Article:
Then it's as if everything fades into the background. An enemy has his sights on me .. coming for me .. has selected me. I see him. We look at
each other. He's coming at me, pistol raised. Raise my pistol. I could have fired and dropped him. He's coming closer all the time. I have the
advantage .. I'm stationary, have him in my sights.
But I don't fire. I see his face, see him getting closer and closer, running awkwardly at me on the uneven surface. That slow-motion thing has
kicked in. Time just stretches. Seems to take forever for his feet to hit the ground ... lift ... another step. All slowed down. Then it gets
normal again. The time to fire has passed. He's almost on me. I'm so sick of it all, so sick of fighting, worrying, killing, all of it. Tired to
the bone and mentally just want an end. I lift the gun to my own head and fire.
The other one starts off quite nice. Gorgeous afternoon, grassy hillsides -- gently-shaped, all sort of converging and sloping down to what I later
discover is a little river bed. I could draw it better than I can explain it.
Winding in and around the hills is a road. There are groups of cyclists making their way up. Every now and then some stop, take in the view, then
continue. Family groups and couples are all over the hillsides. There are trees here and there, casting shade. More trees towards the tops of the
hills. It's idyllic, really lovely. And the atmosphere is wonderful .. one of the best I can remember at any time. Sometimes I remember this
scene, just for the pleasure of that atmosphere and scenery. People having a wonderful day in a very special place.
Then it changes suddenly and dramatically. At first, not everyone notices. But one by one, the panic spreads. I see people leap up from their picnic
blankets and grab their children. Others look around, startled, unsure.
What's happened is, official looking vehicles have parked on the roadway, above most of the people. Officers and men in uniforms get out. Trucks
bearing more of these military types pull up behind the first. At the beginning, it's not too bad .. the military people study the scene. Then, all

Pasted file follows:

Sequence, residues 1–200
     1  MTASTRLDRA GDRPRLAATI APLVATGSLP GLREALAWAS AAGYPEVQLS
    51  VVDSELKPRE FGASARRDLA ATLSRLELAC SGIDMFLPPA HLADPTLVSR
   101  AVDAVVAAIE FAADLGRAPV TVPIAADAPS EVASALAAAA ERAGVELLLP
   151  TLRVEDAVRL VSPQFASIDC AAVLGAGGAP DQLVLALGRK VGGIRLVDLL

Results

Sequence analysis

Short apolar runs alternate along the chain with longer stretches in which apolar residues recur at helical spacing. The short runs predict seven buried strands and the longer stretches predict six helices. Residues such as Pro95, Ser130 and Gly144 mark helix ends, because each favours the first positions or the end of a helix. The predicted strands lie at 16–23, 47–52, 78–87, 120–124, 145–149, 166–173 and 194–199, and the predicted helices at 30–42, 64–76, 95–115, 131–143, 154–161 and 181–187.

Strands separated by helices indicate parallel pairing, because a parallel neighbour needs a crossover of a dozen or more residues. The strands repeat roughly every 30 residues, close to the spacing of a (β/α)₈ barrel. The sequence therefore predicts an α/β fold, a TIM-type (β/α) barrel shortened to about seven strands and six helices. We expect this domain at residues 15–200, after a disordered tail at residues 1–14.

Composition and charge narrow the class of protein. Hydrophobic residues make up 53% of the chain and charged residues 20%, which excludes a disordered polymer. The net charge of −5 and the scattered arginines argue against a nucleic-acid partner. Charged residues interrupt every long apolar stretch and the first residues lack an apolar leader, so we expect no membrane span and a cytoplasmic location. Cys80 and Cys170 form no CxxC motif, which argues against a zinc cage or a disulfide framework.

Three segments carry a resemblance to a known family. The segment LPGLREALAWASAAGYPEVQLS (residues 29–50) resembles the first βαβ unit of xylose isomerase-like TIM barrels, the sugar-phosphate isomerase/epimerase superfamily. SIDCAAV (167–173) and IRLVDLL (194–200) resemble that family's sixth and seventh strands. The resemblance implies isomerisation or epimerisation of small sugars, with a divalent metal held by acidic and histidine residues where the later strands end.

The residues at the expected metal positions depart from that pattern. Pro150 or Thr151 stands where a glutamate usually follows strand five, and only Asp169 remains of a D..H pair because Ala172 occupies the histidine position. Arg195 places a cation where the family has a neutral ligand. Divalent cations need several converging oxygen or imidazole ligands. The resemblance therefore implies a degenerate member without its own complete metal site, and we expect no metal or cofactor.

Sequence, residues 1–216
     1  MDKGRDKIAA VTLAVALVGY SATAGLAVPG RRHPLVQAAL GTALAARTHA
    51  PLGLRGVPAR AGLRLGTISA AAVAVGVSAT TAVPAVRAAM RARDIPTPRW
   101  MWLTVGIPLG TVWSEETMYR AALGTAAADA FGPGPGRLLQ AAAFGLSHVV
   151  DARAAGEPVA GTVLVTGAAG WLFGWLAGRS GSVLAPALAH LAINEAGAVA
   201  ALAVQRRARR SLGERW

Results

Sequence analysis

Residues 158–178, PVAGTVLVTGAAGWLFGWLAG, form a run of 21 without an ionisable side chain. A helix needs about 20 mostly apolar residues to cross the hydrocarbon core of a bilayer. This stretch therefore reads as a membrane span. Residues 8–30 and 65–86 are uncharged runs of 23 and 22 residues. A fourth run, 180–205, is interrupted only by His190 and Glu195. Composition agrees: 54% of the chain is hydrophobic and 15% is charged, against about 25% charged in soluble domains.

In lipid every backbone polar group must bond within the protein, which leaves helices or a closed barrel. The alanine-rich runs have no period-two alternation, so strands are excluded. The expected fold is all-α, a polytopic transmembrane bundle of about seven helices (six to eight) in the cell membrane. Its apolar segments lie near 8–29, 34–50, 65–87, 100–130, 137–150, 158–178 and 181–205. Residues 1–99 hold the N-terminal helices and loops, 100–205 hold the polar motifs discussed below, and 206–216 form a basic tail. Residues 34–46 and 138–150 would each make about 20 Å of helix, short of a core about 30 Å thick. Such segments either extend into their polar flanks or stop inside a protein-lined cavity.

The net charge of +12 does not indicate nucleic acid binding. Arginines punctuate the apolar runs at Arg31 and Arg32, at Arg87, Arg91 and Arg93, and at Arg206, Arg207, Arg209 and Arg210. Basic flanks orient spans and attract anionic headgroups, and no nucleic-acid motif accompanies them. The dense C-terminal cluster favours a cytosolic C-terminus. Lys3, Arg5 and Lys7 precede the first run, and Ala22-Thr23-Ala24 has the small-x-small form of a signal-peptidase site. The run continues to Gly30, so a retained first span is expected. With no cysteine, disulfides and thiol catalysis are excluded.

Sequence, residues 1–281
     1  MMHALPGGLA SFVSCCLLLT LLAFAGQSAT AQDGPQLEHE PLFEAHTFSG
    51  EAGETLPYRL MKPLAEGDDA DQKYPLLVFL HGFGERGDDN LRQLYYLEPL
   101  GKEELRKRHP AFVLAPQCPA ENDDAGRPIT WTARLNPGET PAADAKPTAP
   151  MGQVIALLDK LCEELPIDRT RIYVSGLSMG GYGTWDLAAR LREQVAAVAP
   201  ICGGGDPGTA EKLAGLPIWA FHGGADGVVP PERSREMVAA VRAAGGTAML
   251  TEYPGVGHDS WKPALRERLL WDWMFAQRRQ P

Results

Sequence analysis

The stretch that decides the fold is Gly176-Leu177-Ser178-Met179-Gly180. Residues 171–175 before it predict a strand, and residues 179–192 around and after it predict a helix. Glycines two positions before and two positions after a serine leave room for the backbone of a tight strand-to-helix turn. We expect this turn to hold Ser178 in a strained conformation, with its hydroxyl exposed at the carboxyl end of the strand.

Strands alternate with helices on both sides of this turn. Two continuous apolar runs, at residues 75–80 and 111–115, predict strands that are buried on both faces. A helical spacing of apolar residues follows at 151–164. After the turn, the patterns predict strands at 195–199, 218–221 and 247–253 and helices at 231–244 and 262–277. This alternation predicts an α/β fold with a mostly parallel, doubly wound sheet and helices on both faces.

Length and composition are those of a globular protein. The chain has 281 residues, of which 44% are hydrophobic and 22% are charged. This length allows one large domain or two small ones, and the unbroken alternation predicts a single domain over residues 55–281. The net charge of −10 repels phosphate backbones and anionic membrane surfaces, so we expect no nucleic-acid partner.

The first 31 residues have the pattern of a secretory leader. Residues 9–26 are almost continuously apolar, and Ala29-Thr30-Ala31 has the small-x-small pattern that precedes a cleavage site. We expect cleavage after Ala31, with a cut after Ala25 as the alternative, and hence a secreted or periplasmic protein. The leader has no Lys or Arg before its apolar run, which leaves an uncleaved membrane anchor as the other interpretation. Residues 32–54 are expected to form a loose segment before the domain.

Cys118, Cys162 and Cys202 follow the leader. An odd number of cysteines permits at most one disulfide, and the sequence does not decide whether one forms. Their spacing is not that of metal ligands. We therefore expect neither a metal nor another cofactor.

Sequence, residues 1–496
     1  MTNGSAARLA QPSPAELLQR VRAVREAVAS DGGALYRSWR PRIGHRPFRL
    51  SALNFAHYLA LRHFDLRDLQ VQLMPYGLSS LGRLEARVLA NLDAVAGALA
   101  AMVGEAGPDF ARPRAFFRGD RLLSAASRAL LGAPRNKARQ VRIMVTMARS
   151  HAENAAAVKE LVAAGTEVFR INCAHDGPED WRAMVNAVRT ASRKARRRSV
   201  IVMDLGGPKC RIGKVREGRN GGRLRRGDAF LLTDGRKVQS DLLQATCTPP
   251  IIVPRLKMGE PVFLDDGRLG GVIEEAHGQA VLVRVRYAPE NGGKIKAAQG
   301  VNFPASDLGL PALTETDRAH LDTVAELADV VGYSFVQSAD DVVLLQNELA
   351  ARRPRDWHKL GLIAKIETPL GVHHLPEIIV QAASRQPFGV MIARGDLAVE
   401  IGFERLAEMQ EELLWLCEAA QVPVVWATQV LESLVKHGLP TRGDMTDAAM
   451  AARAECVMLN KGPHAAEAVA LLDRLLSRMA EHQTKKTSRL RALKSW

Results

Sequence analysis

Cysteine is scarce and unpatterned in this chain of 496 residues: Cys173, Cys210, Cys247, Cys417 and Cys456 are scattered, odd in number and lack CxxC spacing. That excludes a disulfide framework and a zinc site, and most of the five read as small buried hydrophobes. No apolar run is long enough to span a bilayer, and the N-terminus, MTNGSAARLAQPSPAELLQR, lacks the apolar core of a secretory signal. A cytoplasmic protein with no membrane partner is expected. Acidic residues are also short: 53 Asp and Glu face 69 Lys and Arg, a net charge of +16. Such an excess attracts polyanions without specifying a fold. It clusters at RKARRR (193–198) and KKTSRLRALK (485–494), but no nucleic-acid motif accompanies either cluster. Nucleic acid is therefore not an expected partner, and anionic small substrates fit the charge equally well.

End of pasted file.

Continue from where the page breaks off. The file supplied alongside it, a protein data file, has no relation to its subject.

of a sudden, it's mayhem. The military are running down the slopes, some of them have guns in their hands.
Everyone on the hillsides is now running hither and thither. I don't know who I am or anything about 'me'. But I'm a survivor, obviously. In
fact, I'm ashamed of who 'I' was in this event, because I didn't help anyone. Others were helping each other, but I didn't. But then again,
I took in the scene. I was to the left of a lot of it, under some trees, away from the main gatherings of people having picnics. So I saw it all
unfold, saw the trucks arrive, saw people become scared and then start to run away, to try to hide. It gives me an advantage. I see people shot and
fall. I knew it was bad, but didn't know what it was about.
I run down where everyone else is running, towards the river bed at the bottom. On the other side of the river bed, the land rises steeply, lots of
rock cliff things and deep tree cover. I run along the river bed, following the others. See some fall. Don't stop to help them. Survive.
See some cave indentations in the rock wall, further along the river bed and around a bit of a bend. I get up there. See people scared and running.
I say nothing. They might look at me and give away my hiding place. Gun shots, lots of them. Bodies lying all over. I remain undiscovered.
Next ... I see a convoy of flat-bed trucks with railings around the sides. They're filled with the people who'd been rounded-up. Trucks come to a
4-way crossroad. Drab, wooden buildings. Looks Russian or similar. Air of deep depression, even when I remember it in order to describe it here.
Don't have room to describe the military's uniform, but they are very well-tailored, the officers. Peaked caps. Badges. Has a relatively 'recent'
feeling . 20th century I think.